Responding to the requirement of ESA's Human Space Flight Directorate in charge of ISS management to predict the impact of the novel FlyWheel Exercise Machine (FWED) on the structure of an enclosed human habitat flying in space, a calculation of the transmitted disturbances and loads from the payload interfaces through the Columbus structure was commended to TEC-MS in order to assure the safety of the crew on board the ISS during the use of the fitness machine.
Launched on the 7th February 2008 with Space Shuttle Atlantis on mission STS-122, and mounted on the International Space Station inside the Columbus laboratory, FWED is a training/fitness device for astronauts based on a patented yoyo effect, which, in contrast to other fitness devices, works independently of gravity.
The results of this activity validates ESA capability to analyse the multibody dynamics of coupled large space systems: the simulations of a complex space system was compared against independent software packages and verified with real test data (both on ground and in orbit), demonstrating the validity of the simulations predictions.
Spectrum of the accelerometer data during ATV docking
(Minus Eighty Degree Laboratory Freezer) is a cold storage unit that maintains experiment samples at low temperatures throughout a mission. MELFI will support a wide range of life science experiments by preserving biological samples collected on board ISS for later return and analysis.
The cooling system of MELFI is based on the Reverse Brayton Thermodynamic Cycle which uses nitrogen gas as a working fluid. This system was chosen for its power efficiency at the desired operating temperatures. The Brayton Machine utilizes a compression wheel and expansion wheel on the same shaft supported by a gas bearings system. The Brayton Machine can rotate at speeds up to 96,000 rpm depending on the cooling requirements.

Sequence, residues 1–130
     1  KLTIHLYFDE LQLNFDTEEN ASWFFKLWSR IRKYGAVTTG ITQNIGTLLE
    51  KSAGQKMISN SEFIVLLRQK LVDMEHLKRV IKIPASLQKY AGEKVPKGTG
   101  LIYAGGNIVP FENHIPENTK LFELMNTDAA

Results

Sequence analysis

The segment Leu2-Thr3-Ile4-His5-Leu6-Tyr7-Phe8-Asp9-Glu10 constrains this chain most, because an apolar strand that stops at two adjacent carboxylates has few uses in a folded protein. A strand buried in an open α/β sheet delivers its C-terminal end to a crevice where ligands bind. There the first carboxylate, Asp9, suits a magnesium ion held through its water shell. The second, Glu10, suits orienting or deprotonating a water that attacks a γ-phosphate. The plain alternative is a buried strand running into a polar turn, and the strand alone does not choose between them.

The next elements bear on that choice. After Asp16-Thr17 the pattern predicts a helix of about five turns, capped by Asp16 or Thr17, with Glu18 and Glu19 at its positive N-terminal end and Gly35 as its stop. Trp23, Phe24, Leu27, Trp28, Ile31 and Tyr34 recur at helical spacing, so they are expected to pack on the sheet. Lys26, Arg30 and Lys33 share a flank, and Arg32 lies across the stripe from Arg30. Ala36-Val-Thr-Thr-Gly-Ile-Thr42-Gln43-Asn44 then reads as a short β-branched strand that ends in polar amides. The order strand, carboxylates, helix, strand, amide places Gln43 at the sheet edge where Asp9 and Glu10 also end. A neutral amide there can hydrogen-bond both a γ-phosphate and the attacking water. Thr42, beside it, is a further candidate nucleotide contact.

The rotor of the Brayton Machine is supported by 2 radial and 1 axial gas bearings that are sensitive to external loads that occur during activities on board ISS, such as EVA, crew exercises, docking of support vehicles (STS, Progress), ATV thruster firings, etc.
A concern was raised that high accelerations could damage the Brayton Machine by clearance loss and subsequent interference in the gas bearings due to excessive loads. As a result, the Brayton Machine was turned off during these events, which is causing wear on the machine and impacting the cooling of science samples.
An analysis was performed to assess the impact of ISS events onto the clearance of the gas bearings of the Brayton Machine. Data of existing events recorded by the SAMS and MAMS accelerometer service on board ISS was used to generate excitation functions.
Model of Brayton machine
A model was set up that is representative in terms of mass and inertia properties of the Brayton Machine rotor, its rotational speed, and the radial and axial stiffness of the gas bearings.
Using the on board recorded accelerometer data of selected events, the change in bearing clearance was computed. This allows assessing whether or not events generating high accelerations would damage the Brayton Machine.
In addition, a sensitivity analysis was performed to assess whether or not and to what extend variations in the mechanical properties of the Brayton Machine, manufacturing and assembly tolerances, the running speed of the rotor and worst case environmental conditions will affect the analysis results and the variations in the bearing clearance. It was found, that none of the analyzed ISS events, no credible tolerance variation would significantly reduce the bearing clearance or even causes interference. As a result, the practice of shutting down the Brayton Machine during load generating events was discontinued.
Last update: 18 January 2011